Whether Kawhi Leonard is available or not, the Spurs’ power forward needs to get well in the Western Conference Finals.
Much has already been said about LaMarcus Aldridge’s level of play in this postseason, and that’s because, frankly, there’s a lot to say. When he’s rolling, like in the Game 6 series-clincher against the Houston Rockets, it’s obvious why he was the most coveted free agent on the market in the summer of 2015. However, performances like his 4-for-11, four-rebound outing in Game 2 against the Golden State Warriors on Tuesday leave Spurs fans justifiably discouraged. Most confounding about Aldridge’s inconsistency is not so much the lack of production, but rather his wavering aggressiveness. When he is assertive and decisive, he can be one of the most impactful offensive bigs in the league. But his aggression comes and goes.
Gregg Popovich singled out Aldridge’s “timid” offensive play following Game 2 when Aldridge seemed downright reluctant to take shots in the 136-100 blow-out at Golden State.
Time to shoot
It seems as though the quicker Aldridge makes his decisions, the better he plays, and conversely the longer he holds the ball the more likely he is to miss or turn the ball over. I wanted to see if the eye test was substantiated by the numbers, so I compared his field goal percentages based on how long he held the ball before shooting. Here’s what I found (all numbers from NBA.com):
There are a couple things to note here: a) Aldridge has, on average, shot worse the longer he’s held the ball, b) he’s holding the ball a bit longer during these playoffs than he did during the regular season (note the frequencies). These patterns seem to hold, regardless of how hot Aldridge is from the floor. Take Game 6 against Houston, widely considered Aldridge’s best game of the postseason. He shot 16 of 26 from the field. More specifically, he shot 14/20 (70%) on shots where he held the ball 0-2 seconds. But he shot just 2/6 (33%) on shots when he held the ball for more than two seconds.
Then there’s Game 1 of the Western Conference Finals in which he scored 28 points on 11-24 shooting against the Warriors. He shot 7/11 on shots in which he held the ball 0-2 seconds, but just 4/13 when he held the ball for more than two seconds.
Dribbles before shooting
In addition to comparing Aldridge’s FG% by touch time, I also looked at number of dribbles:
Here, the correlation isn’t as linear, but two things jump out. Aldridge shoots much better when he doesn’t have to put the ball on the floor, and the frequency with which he dribbles before he shoots has increased enormously during the playoffs. Now, the first part makes sense – catch-and-shoot field goal attempts are generally higher quality shots than pull-ups or multi-dribble post-ups. The issue is that 58% of Aldridge’s shots came on zero dribbles in the regular season versus just 47% during these playoffs. One reason for this is the way Aldridge is getting his shots has changed in the postseason.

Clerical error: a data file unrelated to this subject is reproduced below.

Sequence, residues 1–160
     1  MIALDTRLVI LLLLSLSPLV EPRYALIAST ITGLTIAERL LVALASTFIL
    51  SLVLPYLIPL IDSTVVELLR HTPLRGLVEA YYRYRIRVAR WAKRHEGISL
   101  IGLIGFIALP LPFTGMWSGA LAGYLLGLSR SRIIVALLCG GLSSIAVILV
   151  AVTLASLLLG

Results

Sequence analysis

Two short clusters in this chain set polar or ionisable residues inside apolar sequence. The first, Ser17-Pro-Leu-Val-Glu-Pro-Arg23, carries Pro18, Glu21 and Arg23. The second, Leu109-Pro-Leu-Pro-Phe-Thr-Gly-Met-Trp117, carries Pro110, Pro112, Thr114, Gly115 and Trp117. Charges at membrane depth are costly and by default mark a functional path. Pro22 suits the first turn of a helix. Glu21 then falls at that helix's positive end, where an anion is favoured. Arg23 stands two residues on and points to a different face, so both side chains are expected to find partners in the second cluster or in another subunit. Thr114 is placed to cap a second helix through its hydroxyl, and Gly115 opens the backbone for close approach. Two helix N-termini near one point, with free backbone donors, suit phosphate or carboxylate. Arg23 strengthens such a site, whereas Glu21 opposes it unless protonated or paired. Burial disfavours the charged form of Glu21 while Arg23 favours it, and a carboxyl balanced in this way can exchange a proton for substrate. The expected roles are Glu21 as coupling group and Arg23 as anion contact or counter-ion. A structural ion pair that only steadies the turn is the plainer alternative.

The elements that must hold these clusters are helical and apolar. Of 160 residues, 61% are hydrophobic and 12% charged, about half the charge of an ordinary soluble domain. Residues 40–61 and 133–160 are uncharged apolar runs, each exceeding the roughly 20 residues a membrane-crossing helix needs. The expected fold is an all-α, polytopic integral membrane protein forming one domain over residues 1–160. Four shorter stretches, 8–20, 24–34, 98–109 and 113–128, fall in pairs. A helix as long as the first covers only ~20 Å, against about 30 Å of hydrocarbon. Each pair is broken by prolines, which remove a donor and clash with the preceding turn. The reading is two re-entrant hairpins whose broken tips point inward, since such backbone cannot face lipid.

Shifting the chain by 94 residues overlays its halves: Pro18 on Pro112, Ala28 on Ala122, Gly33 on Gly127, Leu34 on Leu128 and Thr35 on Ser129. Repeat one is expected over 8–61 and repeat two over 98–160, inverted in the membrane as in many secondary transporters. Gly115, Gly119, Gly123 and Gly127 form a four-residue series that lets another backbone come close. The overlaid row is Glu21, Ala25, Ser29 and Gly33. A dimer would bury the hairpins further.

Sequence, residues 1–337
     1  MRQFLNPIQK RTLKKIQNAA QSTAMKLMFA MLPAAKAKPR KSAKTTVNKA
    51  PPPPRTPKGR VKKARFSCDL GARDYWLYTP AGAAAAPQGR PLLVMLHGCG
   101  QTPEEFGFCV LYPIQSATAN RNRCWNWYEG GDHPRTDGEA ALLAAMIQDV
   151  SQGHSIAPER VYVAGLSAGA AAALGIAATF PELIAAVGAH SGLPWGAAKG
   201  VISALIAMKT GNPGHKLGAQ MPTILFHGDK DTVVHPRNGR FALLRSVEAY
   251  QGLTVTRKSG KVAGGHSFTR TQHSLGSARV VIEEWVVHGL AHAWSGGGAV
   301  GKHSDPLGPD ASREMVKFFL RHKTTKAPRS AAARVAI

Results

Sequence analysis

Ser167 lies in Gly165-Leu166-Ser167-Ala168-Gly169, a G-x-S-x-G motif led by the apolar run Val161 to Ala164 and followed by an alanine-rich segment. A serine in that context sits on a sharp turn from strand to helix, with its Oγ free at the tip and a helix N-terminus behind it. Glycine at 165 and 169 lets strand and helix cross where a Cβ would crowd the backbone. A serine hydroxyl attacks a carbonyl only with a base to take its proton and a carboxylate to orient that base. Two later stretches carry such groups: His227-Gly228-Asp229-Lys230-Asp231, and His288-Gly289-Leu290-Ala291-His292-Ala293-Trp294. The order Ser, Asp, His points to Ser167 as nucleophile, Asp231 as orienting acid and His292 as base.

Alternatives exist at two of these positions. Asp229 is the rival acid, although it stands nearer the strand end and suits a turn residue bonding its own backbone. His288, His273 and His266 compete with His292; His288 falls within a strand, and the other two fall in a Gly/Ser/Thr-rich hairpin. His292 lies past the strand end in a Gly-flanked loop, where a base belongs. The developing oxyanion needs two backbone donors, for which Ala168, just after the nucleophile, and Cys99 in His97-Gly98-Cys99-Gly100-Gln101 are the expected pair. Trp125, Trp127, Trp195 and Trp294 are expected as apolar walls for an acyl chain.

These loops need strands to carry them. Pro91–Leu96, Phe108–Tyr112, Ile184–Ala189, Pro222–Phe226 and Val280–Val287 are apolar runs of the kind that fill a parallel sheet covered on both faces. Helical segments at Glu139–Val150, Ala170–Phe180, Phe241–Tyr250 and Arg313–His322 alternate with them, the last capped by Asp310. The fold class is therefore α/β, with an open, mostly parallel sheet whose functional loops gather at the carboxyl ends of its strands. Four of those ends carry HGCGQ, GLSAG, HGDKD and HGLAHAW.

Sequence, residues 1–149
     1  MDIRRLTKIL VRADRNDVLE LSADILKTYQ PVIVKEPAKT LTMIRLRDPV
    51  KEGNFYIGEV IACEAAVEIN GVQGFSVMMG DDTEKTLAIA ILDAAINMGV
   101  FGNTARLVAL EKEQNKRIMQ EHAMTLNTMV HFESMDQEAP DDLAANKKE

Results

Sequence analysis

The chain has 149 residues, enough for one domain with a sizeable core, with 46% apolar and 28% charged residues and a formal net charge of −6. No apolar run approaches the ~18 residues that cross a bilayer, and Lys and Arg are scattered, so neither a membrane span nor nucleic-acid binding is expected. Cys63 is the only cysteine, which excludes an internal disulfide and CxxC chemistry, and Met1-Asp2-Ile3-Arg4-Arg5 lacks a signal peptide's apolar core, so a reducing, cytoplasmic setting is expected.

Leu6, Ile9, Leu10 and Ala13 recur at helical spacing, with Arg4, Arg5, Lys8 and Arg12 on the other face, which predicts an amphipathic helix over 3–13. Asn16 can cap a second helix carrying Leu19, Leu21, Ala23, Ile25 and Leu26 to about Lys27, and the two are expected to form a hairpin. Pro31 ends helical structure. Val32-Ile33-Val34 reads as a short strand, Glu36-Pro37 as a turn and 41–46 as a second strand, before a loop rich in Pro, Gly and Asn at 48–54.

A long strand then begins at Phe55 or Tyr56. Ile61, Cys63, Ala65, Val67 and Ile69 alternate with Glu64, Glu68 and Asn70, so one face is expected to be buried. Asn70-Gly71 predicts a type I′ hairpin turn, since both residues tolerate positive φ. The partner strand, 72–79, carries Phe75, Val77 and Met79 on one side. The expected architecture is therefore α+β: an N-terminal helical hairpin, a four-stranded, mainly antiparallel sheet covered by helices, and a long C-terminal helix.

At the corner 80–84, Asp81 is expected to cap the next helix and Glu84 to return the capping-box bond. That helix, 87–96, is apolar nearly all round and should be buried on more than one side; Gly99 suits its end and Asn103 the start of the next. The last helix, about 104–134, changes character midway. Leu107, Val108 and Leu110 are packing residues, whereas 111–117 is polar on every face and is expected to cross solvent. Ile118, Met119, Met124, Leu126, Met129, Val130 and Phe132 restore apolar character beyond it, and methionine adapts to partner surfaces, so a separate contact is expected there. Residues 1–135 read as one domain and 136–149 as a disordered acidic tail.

During the regular season, 19.1% of Aldridge’s shots came from the pick-and-roll, where he averaged 0.94 points per possession, a very solid number for a big who is primarily picking-and-popping. However, in the playoffs, just 10.8% of his possessions are being used as the roll-man, and he’s scoring an atrocious 0.64 points per possession. You can make the argument that he isn’t making shots out of the pick-and-roll, so they stopped running it for him. But the counterargument would be that Aldridge hasn’t been able to find a rhythm because he’s running it so infrequently in the postseason.
Some of those pick-and-roll possessions have turned into Aldridge isolation plays. He’s only using 7.7% of his possessions on ISOs, but that’s more than double his 3.4% isolation usage during the regular season. Regardless, Aldridge has not been good in isolation this year, regular season or postseason.
This season, Aldridge isn’t showing the kind of lift and explosion he had earlier in his career. His points must come from using his strength to get good position so he can use his size to shoot over defenders. One way to do that is to put in work before he gets the ball. Watch how lackadaisical Aldridge is in establishing position on this shot, prior to the catch:
Compare that to how much effort he expends burying Draymond Green here so that he can take a short fadeaway:
Aldridge can still be an All-Star level player on offense, but only when he’s playing aggressively and making quick decisions with the ball. Whether Kawhi Leonard returns for Game 3 or not, the Spurs will need Aldridge to play without even a hint of tentativeness to have a chance to win a game against the Golden State juggernaut.
Spurs Shot Chart
Warriors Shot Chart
Source: Pounding The Rock